Recently, an article was reappearing on my Facebook newsfeed titled “Did Your School Make the Cut? Here are the 50 ‘Smartest Colleges in America.’” It was being shared by only friends at the University of Richmond, so I figured we had made the list and of course, super excited with school pride, clicked on it in hopes of seeing it surface the top. After all, I did choose here and would love to say that we were on this random list of the smartest colleges in America. After scrolling and scrolling, I found UR in the #43 spot. I was a little miffed seeing that it wasn’t closer to the top and seeing the other schools that were ahead of us. After all, Richmond is like our baby, and we only want to see it at the very best. I chose not to reshare it on my Facebook, but mostly because I knew that there would be friends at the other 42 schools that would make the point of showing that they are truly smarter than me because of the college they attend.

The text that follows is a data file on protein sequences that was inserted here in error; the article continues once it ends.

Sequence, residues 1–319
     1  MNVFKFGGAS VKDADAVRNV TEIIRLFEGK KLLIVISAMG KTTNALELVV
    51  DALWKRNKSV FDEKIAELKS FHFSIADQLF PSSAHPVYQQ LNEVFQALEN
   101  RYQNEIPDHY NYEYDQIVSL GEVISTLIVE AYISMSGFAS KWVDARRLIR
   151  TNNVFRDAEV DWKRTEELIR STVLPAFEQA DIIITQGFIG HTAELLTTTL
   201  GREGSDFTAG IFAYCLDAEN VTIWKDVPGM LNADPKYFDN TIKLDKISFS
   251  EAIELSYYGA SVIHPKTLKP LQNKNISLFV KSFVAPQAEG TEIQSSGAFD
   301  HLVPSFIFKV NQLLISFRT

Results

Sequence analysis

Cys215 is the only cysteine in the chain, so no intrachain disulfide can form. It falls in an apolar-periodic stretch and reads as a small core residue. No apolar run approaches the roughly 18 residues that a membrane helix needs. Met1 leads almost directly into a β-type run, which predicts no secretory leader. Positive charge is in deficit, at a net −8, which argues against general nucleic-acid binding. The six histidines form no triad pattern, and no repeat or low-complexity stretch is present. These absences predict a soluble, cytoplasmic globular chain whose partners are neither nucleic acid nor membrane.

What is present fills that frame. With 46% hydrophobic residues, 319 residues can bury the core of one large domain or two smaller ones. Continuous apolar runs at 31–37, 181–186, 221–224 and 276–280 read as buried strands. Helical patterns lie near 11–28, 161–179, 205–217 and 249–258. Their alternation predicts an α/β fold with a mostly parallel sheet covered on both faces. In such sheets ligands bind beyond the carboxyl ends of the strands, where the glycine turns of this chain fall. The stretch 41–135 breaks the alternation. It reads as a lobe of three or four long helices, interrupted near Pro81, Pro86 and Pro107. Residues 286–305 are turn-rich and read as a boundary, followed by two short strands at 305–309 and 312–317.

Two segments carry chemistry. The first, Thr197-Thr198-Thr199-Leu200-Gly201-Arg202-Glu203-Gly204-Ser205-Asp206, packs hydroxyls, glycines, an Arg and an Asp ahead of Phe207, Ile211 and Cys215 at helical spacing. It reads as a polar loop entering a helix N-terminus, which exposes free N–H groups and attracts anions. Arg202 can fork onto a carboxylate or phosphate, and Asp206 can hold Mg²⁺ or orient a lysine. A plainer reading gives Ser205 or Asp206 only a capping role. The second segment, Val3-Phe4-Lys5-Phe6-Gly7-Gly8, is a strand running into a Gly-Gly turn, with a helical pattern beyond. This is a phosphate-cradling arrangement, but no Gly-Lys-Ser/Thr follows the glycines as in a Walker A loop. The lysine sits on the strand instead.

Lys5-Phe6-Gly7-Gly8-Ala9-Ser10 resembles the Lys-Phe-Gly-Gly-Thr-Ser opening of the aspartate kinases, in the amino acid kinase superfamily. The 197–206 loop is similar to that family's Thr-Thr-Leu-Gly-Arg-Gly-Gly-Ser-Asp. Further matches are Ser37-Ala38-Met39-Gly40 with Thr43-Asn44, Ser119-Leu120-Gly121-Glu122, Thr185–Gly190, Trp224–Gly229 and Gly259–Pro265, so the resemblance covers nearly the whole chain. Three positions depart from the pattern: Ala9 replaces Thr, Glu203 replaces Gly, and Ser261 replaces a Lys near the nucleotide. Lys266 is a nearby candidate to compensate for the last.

This made me think about all the other rankings and “statistics” I’ve seen Richmond placed in. It’s usually high up there in “Most Beautiful Campus” (which I mean, how could you disagree?!), but also with titles such as Forbes #96 overall, #79 in Private Colleges, #17 in the South. It surfaces in US News and Education as a “Best College” with a #30 tie as the best Liberal Arts college. One of my favorites was when Richmond once ranked #7 in the Newsweek and College Prowler’s “Colleges with Happiest Students.” There are lists and lists of rankings, some of which Richmond is on, and some of which they aren’t. As a proud Richmond student, I would love to blab and blab about why Richmond is on these lists, but really, what value is it bringing?